How Are Hotels Keeping Up with the Creative Churning in the Smart-casual Dining Segment?

Chef Toine Hoeksel of Marriott International Inc gives us the inside story.

Sumita Bagchi

Will it be an exaggeration to say that India’s gastronomic scene is on a trailblazing journey? We think not. With a dizzying culinary landscape, India’s Food and Beverage industry—robust in choice, cuisine and service—is creating ripples by turning age-old trends on their head. With more options to eat out than ever before—from standalone restaurants to a hip lounge at a luxury hotel chain to pigging out at an exciting pop up by an award-winning chef—things are only hotter than ever before.

Shedding its old skin when chefs were earlier invisible to now stepping into the spotlight, from transforming food plating into an art and planning a menu inspired by locally sourced ingredients and smart-casual-dining elbowing out ‘fine dining’, India’s culinary scene has come of age. Amidst this exciting culinary cornucopia, the genre-defying and speciality dining restaurants, has challenged the traditional luxury five and seven-star hotel restaurants to up their game and bring more variety and flavour to the platter.

As the struggle for space gets real, we speak to Chef Toine Hoeksel, Senior Director Culinary, Asia Pacific, Marriott International Inc., who brings us up to speed with the group’s efforts to raise the bar in the hospitality industry, surviving the standalone restaurant frenzy, steeping out of their elitist imagery and the new age philosophies that the luxury hotels are adopting to stay ahead in the game. With 24 years of experience in the culinary industry, chef Toine leads the culinary initiatives of the Marriott International’s chain of hotels and has also led a host of Michelin-starred restaurants, which include De Hoefslag in the Dutch village of Bosch en Duin, Paul Bocuse in France's Lyon, and at The Ritz Carlton in Japan's Osaka.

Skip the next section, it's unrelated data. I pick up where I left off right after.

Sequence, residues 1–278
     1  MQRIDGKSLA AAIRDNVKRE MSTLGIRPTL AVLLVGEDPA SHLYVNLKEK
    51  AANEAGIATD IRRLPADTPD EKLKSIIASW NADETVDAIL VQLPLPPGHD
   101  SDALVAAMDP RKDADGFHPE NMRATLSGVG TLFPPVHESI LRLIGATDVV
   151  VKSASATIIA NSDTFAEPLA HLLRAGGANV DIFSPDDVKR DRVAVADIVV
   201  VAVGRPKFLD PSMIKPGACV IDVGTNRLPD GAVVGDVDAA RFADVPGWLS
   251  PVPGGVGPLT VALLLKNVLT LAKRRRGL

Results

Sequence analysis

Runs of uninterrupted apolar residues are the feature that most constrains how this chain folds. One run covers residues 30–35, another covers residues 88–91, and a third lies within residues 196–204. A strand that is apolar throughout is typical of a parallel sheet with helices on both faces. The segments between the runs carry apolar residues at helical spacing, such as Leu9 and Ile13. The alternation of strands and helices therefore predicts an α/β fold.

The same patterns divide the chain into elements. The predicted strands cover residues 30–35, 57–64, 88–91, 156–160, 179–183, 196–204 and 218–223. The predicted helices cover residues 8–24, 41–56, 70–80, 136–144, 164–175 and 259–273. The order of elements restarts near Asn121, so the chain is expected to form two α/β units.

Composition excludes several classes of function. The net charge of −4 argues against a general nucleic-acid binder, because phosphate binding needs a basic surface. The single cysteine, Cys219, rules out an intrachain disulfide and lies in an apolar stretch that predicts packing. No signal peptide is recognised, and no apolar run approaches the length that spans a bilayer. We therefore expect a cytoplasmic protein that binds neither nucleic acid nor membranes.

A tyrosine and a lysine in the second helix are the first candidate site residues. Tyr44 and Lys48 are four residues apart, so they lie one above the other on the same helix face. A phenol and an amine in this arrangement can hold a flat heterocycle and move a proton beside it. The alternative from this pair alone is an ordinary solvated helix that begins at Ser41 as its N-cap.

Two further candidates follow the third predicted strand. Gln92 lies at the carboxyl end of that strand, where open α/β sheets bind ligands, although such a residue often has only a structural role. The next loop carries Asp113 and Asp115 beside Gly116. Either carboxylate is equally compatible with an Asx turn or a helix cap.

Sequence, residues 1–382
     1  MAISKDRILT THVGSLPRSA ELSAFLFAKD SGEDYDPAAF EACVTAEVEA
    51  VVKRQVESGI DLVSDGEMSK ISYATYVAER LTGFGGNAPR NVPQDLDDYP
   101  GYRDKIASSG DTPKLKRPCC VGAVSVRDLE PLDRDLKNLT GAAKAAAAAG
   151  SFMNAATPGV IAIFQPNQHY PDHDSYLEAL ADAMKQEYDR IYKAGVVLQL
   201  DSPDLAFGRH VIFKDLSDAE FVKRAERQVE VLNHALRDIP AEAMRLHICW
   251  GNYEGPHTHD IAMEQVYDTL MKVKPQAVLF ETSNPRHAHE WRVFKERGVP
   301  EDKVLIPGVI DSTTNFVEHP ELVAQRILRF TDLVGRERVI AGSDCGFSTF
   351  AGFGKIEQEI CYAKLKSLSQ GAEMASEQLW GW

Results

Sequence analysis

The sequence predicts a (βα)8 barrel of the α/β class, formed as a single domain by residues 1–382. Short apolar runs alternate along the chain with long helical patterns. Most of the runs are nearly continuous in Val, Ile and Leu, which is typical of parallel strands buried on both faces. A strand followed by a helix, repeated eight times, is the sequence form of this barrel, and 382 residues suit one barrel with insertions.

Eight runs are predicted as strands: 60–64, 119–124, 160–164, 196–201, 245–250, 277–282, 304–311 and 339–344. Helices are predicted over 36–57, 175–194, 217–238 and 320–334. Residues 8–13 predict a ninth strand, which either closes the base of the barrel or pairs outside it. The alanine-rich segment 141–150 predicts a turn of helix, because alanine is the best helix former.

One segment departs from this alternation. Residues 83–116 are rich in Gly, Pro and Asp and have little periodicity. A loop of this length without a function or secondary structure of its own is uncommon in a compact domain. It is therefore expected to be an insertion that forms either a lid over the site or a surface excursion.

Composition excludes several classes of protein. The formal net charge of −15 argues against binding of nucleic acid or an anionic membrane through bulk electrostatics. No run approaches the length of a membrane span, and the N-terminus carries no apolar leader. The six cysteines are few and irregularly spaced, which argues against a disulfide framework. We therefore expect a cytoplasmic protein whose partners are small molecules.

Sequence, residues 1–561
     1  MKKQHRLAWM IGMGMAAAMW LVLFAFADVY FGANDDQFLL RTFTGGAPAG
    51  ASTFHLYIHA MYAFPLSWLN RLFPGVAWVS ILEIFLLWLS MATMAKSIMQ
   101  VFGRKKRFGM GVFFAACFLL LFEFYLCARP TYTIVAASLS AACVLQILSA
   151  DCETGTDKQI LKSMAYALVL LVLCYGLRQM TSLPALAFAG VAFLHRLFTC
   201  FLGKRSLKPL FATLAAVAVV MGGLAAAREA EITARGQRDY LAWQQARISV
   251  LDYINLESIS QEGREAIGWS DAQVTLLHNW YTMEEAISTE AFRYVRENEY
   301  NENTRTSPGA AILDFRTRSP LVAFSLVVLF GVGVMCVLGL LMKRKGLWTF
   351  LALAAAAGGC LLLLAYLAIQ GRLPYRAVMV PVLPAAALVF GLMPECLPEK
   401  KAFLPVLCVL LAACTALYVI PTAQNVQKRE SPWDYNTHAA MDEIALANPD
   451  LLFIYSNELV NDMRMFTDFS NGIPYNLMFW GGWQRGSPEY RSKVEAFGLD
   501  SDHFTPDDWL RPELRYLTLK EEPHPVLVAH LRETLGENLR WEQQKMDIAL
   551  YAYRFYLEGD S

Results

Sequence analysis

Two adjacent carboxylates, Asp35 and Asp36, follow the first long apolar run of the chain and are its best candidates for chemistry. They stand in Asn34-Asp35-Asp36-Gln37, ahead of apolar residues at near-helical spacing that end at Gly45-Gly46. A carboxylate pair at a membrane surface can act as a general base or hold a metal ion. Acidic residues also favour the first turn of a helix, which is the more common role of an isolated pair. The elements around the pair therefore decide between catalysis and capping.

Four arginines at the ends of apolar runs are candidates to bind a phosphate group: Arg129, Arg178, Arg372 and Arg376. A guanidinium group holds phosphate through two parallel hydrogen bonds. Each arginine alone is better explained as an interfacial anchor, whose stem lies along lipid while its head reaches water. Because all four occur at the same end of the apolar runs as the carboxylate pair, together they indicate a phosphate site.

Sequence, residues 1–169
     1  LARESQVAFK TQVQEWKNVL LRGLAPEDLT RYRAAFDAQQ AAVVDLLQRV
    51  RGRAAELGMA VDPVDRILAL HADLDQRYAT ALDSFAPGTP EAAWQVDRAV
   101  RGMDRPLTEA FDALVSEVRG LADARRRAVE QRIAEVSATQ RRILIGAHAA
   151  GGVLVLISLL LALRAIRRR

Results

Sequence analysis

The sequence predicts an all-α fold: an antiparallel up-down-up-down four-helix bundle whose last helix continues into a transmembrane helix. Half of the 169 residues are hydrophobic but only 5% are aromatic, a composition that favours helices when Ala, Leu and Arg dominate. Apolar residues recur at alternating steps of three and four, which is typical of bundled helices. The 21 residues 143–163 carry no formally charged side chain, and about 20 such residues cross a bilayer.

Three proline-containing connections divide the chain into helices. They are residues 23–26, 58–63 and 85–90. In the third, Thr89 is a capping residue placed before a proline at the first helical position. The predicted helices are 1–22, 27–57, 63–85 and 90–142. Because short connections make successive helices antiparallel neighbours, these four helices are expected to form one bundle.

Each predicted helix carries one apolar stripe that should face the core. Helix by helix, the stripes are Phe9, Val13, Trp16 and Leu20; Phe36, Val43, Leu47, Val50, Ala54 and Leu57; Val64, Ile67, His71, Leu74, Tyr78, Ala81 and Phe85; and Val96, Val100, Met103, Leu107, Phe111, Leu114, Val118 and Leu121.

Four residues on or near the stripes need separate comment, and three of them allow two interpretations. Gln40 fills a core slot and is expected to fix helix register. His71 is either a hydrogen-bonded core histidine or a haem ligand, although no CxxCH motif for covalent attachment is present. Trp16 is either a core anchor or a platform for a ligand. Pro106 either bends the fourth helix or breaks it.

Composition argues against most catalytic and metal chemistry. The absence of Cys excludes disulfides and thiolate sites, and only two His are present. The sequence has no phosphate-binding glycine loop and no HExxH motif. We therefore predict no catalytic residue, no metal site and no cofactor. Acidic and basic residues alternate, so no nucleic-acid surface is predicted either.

The rise and fall of formal fine dining 

Restaurants are often social and gastronomic experiments, so they follow a cycle of change every now and then. There was a time when fine dining was big; it went on a downslope with the rise of fast food and comfort food—from the easy-to-eat tacos to burgers and food trucks—that made eating on-the-go a fad. ‘Fine dining’ lost its sheen due to the snobbery and ‘the codes of fine dining’, but I think it’s making a comeback in a more modest way, sans the fanfare. The avant garde definition of fine dining won’t necessarily mean exorbitantly expensive because I think that's what killed it. In the modern F& B scenario, the experience of fine dining, with a pursuit of excellence in food, and a meaningful value proposition is the secret!

Standalone restaurants vs restaurants in hotels

The classic hotel restaurant is so passé. We encourage the same kind of creativity and innovative spirit in the restaurants in our hotels. The idea is to blend the journeys of global flavours and the local, hyperlocal, cultural flavours. We are doing that by hiring artisans and local craftsmen who can bring in the real flavours and authentic food experiences. The focus for us now is to shine the spotlight on the people behind the food as the real heroes! To keep up with the current pace, we have just recently entered the TV game with a cook-off show where our chefs battle it out. In Seoul, we have recently started a very small micro Japanese restaurant which is very entrepreneurial and completely different from whatever you see in any of our hotels. In Mumbai, for instance, Saffron in JW Marriott Mumbai Juhu, Romano’s in JW Marriott Mumbai Sahar and The Sahib Room & Kipling Bar in The St Regis Mumbai are some of the restaurants that all self-driven restaurants by artisanal chefs. At Marriott, we also provide innovative incentives to promote creativity among those who work for us.